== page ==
Compound interest: it all adds up. Picture: 123RF/FERMATE

There is a parable of a king who lost his kingdom, and it all started with a promise of a single grain of rice.

The king, excited about the game of chess, offered one wish to the inventor of the game.

The sage inventor asked the king to place one grain on rice on the first square of the chessboard, two on the second, four on the third and so on – and to keep doubling the grains on each of the subsequent 64 squares of the chess board. 

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Surprised that the inventor did not ask for money or jewels, the king agreed, not understanding the impact of what, at face value, appeared to be a simple request.

The first few squares cost the king one grain, then two, then four. By the end of the first row, he was up to 128 grains of rice.

But in the second row, the grains of rice grew exponentially. By the 21st square, he owed more than a million grains; by the 41st row, he was in for more than a trillion grains. When the 64th square was reached, the inventor was owed more than 18-trillion grains of rice.

And so, as the parable goes, the king bankrupted his kingdom by granting one simple request.

What the inventor did by asking for double the value in each square on the chess board was putting compounding into effect. Replace the grain of rice in this example with money and it illustrates how quickly your investments can grow thanks to compounding.

The power of compound interest

Compound interest is the central pillar of investing. It is why investing works so well over the long term.

If you saved R10,000 at a return of 6% and withdrew your interest at the end of every year, by the end of 10 years you would still have R10,000 and would have drawn the interest portion of R600 each year – or, in total, R6,000 over the 10-year period.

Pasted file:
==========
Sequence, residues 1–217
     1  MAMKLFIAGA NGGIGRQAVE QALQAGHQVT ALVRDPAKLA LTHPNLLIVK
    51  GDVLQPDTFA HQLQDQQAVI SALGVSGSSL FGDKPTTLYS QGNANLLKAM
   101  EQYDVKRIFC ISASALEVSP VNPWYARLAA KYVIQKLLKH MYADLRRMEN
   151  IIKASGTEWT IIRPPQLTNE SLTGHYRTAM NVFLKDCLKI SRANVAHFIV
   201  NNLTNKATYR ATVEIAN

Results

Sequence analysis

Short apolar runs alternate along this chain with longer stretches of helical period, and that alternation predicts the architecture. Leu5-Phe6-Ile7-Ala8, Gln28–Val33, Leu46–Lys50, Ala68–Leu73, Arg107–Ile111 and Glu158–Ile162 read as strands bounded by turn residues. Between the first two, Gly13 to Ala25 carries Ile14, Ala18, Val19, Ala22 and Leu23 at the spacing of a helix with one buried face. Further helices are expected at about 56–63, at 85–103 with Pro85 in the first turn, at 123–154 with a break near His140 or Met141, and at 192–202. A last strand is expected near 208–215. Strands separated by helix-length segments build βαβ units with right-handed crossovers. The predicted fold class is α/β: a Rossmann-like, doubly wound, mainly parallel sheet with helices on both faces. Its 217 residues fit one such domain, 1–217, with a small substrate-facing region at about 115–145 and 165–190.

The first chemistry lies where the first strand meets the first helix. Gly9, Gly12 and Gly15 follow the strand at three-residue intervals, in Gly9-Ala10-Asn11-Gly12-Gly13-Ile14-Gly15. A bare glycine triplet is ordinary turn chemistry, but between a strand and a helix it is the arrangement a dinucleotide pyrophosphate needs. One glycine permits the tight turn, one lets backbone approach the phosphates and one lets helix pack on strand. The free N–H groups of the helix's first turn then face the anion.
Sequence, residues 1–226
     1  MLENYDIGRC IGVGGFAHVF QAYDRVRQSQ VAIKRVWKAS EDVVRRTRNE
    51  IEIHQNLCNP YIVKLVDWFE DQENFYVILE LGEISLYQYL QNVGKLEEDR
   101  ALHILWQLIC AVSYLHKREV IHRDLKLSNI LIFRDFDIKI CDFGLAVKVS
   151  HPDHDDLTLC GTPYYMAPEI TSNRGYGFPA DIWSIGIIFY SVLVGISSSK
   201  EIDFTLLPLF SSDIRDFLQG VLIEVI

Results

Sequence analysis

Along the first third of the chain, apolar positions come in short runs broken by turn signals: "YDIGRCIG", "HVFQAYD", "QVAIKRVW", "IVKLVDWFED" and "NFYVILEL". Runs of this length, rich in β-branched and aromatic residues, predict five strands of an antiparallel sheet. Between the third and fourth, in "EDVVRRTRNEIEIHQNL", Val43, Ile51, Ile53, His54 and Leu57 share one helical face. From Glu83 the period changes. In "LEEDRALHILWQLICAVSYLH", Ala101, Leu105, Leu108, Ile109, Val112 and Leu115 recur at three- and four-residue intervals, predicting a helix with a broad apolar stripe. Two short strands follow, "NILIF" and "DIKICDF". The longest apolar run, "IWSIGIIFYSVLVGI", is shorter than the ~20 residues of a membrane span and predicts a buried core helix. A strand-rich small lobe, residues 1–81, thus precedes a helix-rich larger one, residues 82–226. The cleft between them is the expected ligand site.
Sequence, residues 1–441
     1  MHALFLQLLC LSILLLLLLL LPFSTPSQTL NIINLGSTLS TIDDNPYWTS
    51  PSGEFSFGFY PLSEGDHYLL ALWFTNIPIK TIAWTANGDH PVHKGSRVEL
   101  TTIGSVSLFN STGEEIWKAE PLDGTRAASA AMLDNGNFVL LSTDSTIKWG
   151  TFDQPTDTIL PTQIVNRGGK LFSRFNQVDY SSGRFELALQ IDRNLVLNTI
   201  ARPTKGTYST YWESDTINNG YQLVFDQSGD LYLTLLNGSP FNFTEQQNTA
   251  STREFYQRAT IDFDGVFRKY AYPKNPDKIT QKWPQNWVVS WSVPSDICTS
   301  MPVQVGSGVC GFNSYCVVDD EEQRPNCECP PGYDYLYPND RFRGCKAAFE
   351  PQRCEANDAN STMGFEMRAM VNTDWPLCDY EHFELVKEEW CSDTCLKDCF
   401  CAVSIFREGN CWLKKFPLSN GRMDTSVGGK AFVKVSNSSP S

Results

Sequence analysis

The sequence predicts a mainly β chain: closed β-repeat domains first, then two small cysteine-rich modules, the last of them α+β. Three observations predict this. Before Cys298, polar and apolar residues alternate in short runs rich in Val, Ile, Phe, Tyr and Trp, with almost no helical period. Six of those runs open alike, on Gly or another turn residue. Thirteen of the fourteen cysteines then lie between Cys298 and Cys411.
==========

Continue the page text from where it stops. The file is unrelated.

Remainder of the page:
Perhaps you spent the R600 in interest your money earned each year. That would be a pity because you would have lost out on the opportunity to earn interest on interest.

On the other hand, if you added the R600 interest you earned to your capital of R10,000, you would start the second year with R10,600 and earn interest on both your original R10,000 and on the interest earned in the previous year.

By reinvesting your returns, in year two you would generate returns on R10,600 and, by year three, returns on R11,236. Fast forward to year five and you would generate returns on R12,625.

The compound interest gained on the initial amount of R10,000 may not seem significant, but when applied to larger figures the effect is substantial.

Consider that after 10 years your investment will be worth R17,908 and, after 20 years, you would be sitting pretty with R32,071 – all of this from your single investment sum of R10,000. That is what is referred to as the power of compound interest.

In short, you are earning more interest each year because the amount invested each year is increasing, without you making any additional investments.

Timing is everything

The longer your money is invested, the higher the impact of compound interest – so time is key.

Enter the Rule of 72.  This is a shortcut to estimate the number of years required to double your money at a given annual rate of return. The calculation is to divide 72 by the percentage rate of return.

For instance, if you invested R100 today and earned 6% a year on your money, it would take about 12 years for the R100 to grow to R200 (72/6 = 12).